Cooking with Chef Robert DanhiNovember 17th, 2009Malaysian Food, Recipes, Malaysian Recipes40 Comments
As a home cook without any formal culinary training, I have always intrigued by the thought of cooking side-by-side with a chef, a real chef. As a “Top Chef” and “Iron Chef” TV junkie, I watch with envy when the crew help the chef churning out dishes upon dishes of seriously good eats, despite the frantic pace and sometimes chaotic kitchen actions.
What is it like to cook with a chef? I often wonder with deep curiosity.
The opportunity came along when Chef Robert Danhi of “Southeast Asian Flavors: Adventures in Cooking the Foods of Thailand, Vietnam, Malaysia & Singapore” invited me to cook with him at his test kitchen in LA. I just couldn’t turn it down—a CIA-trained educator and a real chef, a professional test kitchen, and mouthwatering foods. Hell yeah!
When I read the “Southeast Asian Flavors” cookbook, I came to know that Chef Danhi’s wife is a Nyonya from Melaka, Malaysia; very naturally, we decided to cook a few classic Malaysian dishes: chicken satay with peanut sauce plus ketupat (compressed rice cakes), char kuey teow, chili crab, sambal long beans, and ondeh-ondeh…
Chef Danhi’s test kitchen is like a mini kitchen stadium—and a cook’s wonderland. It’s equipped with tons of spices, ingredients, utensils, dishes, prep and cleaning areas, plus an outdoor patio with traditional Malaysian satay burner and a high-BTU burner. Chef Danhi made chicken satay the traditional way; skewers of marinated meat were slowly grilled over charcoal fire to perfect char, with constant fanning to maintain consistent heat and also to infuse the satay with the smoky aroma of the charcoal. The end result was tender and the most delicious chicken satay plus an authentic peanut sauce exactly like the ones served at the best satay stall in Malaysia. Chef Danhi revealed to me that he learned the recipe from a Malay satay hawker in Malaysia, and tested and perfected his recipe numerous times for his cookbook. (There are Chinese satay and Malay satay in Malaysia but Malay satay reigns supreme.) Now, I will have to modify my satay recipe after tasting his goods.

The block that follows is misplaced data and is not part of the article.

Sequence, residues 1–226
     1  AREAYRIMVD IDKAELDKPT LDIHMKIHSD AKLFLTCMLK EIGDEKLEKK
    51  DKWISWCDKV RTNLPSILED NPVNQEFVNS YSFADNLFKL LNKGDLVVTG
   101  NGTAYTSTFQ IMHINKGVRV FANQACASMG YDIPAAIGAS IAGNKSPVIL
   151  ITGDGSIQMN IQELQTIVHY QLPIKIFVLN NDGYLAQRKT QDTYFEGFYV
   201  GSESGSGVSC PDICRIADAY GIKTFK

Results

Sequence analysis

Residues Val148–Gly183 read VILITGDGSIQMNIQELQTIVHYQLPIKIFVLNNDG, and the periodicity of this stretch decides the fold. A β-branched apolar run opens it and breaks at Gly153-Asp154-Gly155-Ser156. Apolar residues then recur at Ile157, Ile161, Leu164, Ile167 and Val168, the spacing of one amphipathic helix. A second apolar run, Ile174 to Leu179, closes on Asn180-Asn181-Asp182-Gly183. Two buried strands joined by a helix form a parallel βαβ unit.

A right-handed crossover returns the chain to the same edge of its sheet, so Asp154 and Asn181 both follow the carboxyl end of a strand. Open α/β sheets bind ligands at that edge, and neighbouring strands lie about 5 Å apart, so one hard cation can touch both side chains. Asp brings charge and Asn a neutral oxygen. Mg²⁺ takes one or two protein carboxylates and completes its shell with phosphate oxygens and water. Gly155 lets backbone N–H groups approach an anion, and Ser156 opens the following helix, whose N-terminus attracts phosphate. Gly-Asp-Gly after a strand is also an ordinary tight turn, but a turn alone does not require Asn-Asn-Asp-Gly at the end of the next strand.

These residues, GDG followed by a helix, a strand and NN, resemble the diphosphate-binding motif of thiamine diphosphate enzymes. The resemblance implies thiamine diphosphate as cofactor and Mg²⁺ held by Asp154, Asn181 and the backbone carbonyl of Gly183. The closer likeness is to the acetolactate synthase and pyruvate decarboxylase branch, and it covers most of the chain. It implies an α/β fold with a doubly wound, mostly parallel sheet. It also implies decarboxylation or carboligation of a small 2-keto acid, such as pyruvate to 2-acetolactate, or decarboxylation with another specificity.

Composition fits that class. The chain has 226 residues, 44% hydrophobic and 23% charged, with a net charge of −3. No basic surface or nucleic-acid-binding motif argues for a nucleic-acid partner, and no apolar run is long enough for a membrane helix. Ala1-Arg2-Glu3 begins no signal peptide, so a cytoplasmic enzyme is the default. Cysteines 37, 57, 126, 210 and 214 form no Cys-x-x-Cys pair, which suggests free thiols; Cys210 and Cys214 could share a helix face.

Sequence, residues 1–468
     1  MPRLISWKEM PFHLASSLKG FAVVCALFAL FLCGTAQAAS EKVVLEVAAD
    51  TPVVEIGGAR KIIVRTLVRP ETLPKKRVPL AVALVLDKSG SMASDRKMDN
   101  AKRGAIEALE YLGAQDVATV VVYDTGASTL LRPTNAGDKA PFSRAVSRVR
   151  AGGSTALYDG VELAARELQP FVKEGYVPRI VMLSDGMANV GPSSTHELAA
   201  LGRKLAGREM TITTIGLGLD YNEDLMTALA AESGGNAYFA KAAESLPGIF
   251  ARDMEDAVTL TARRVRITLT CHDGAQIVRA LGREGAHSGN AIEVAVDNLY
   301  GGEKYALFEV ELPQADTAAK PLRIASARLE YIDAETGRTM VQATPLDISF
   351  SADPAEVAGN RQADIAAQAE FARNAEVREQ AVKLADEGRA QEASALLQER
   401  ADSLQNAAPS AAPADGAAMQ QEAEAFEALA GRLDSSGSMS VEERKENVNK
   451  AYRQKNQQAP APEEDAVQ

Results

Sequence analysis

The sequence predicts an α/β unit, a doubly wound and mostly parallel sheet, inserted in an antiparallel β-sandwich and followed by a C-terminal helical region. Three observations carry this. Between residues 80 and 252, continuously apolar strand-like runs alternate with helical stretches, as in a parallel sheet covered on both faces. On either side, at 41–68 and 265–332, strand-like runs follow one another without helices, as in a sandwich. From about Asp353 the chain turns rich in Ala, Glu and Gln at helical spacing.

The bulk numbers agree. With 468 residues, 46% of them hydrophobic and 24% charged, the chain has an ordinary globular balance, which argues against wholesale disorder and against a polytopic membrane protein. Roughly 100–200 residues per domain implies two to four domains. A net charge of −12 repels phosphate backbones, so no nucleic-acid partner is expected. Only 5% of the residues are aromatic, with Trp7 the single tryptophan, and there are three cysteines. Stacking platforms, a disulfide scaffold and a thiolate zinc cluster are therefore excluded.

I made Penang Char Kuey Teow and my mother’s chili crab. I have to confess that I was rather nervous cooking in front of Chef Danhi but I did quite well. Both char kuey teow and the chili crab turned out great. For dessert, Chef Danhi made ondeh-ondeh, a pandan-flavored rice balls with gula Melaka or Malaysian palm sugar. The ondeh-ondeh was fabulous and that concluded our dinner on a sweet note.
If you love Southeast Asian food, I strongly urge you to get a copy of “Southeast Asian Flavors“—a contender of 2009 James Beard Foundation Book Award for Best Book in the International Category! Personally, I am just very excited that American chefs are more and more invested in learning about Malaysian cooking, arguably the last frontier in Asian cooking. If the market has more cookbooks such as Southeast Asian Flavors and James Oseland’s Cradle of Flavor, people will learn more about Malaysia and its exquisite and colorful cuisines, and Malaysian food might even go mainstream and become more popular in the US, hopefully in the near future. And to Tourism Malaysia, you cannot afford to ignore—or continue to ignore—the US market both in general tourism and culinary tourism; United States should be a priority 1 market to invest and grow!
If you are shopping for Christmas gifts, you are in for a treat as there is a special $15 discount promotion going on and the book sells for only $30!
Don’t forget to check out the pictures of our cooking sessions. There are some videos that I might share with you soon!